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“We’re trying to spend as much time together as we can,” says Willy Weber. He and his wife, Gwen, see every day as a blessing. Photo by Adam Ewing
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Dr. Thomas J. Smith visits with (from left) Keonte Walker, 16; Jeremiah Walker, 8; and Keona Sydnor, 12; in Massey’s palliative care unit, where the children’s mother, Lavonda Walker, was being treated. Photo by Jay Paul
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Smith checks patient Janet Mikionis’ ankle. Mikionis’ breast cancer is in remission, but she is experiencing severe nerve pain. Photo by Jay Paul
‘‘I would be dead if the palliative care unit had not figured out how to manage my pain," 58-year-old Willy Weber says in a solemn tone, glancing away and leaning his frail form back in his chair on the screened porch of his New Kent County home.
As he looks out over his wooded yard, where the tips of the leaves are beginning to change color, Weber recalls his 4 1/2 years of cancer treatment. In April, that journey brought him to the palliative care unit at the VCU Massey Cancer Center.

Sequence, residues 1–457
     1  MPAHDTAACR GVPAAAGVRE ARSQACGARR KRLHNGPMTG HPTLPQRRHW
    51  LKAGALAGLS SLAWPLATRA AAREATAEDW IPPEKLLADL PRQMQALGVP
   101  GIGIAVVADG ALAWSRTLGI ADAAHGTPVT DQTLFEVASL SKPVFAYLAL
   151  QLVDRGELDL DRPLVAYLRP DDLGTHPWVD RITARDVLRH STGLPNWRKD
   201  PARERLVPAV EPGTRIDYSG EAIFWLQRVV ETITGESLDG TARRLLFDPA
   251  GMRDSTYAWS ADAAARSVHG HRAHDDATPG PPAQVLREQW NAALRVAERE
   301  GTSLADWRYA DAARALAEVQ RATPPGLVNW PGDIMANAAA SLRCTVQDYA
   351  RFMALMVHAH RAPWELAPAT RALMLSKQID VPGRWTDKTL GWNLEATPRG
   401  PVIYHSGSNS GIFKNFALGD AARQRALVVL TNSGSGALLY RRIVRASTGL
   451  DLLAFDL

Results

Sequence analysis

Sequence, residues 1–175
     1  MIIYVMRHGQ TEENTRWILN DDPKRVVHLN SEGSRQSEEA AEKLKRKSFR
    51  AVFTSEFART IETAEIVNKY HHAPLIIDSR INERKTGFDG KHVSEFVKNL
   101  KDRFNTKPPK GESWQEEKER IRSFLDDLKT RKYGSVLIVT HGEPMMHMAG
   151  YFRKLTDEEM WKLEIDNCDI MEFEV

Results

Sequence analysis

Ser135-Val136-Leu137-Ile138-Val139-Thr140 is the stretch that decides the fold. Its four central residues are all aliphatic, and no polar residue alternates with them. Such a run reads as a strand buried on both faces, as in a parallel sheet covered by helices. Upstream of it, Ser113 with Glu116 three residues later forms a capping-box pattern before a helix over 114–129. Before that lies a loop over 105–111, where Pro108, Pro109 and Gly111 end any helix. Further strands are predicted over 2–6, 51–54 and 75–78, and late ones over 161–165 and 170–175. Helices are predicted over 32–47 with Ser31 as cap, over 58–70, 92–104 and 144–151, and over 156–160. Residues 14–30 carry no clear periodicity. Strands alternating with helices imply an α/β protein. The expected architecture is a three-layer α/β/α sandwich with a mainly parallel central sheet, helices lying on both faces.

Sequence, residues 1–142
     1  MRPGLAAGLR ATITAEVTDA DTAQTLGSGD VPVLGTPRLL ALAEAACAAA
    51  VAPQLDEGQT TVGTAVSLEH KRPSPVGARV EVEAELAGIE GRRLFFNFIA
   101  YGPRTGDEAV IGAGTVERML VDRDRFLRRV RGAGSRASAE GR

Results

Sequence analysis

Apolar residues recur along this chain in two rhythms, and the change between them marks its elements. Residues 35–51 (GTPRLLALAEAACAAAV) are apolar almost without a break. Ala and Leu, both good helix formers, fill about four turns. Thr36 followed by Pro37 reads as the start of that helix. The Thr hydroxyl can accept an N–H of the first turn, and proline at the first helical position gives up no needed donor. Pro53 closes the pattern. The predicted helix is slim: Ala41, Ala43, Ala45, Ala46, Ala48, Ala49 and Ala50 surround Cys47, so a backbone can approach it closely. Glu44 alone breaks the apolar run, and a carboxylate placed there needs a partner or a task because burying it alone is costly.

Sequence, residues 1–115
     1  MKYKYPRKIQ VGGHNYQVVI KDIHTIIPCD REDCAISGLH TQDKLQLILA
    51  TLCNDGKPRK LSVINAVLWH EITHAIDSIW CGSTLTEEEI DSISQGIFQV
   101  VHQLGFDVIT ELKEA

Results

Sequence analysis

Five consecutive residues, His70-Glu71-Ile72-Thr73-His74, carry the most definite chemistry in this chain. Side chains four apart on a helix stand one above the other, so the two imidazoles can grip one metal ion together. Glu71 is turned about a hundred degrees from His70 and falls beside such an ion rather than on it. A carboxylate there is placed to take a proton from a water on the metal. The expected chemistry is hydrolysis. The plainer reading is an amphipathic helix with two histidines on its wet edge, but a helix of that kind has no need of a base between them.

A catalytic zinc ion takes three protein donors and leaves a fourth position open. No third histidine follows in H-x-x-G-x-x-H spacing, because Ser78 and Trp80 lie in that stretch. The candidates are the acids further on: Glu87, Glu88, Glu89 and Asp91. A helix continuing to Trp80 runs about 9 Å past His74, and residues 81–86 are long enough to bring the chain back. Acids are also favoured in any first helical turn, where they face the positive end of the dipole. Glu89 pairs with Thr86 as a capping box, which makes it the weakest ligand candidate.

His cancer is incurable; he no longer receives treatments to slow its spread. In palliative care, Weber explains, "They are not trying to treat your disease, but your pain."
Weber knows that he will die from his illness. He doesn't know when. But he believes palliative care has lengthened his life. "It was like a miracle," he says, with conviction. "A miracle."
Palliative care, a fairly new field that treats the symptoms of serious illnesses, is one of the fastest growing medical specialties in the United States — but also one of the most misunderstood, says Patrick Coyne, clinical director of the Thomas Palliative Care Program at Massey.
From 2000 to 2008, the number of U.S. hospitals that have palliative-care programs more than doubled. As of 2008, about 60 percent of the hospitals with 50 or more beds offered palliative care, up from 25 percent eight years earlier, according to the American Hospital Association's annual surveys and the Center to Advance Palliative Care's registry.
As the number of older Americans grows — the Census Bureau estimates that by 2050, 88.5 million Americans will be 65 or older, more than double the number projected for 2010 — end-of-life care "is going to become a bigger challenge," Coyne says.
Still, palliative treatment and hospice care — the latter is given when a person is close to death — are terms that many patients, and some doctors, are not even willing to discuss.
"People may think that hospice and palliative care leads to earlier death when all — literally all — evidence suggests exactly the opposite," says Dr. Thomas J. Smith, medical director of Massey's palliative-care program. "When you openly address issues and relieve people's symptoms, lo and behold, they live longer."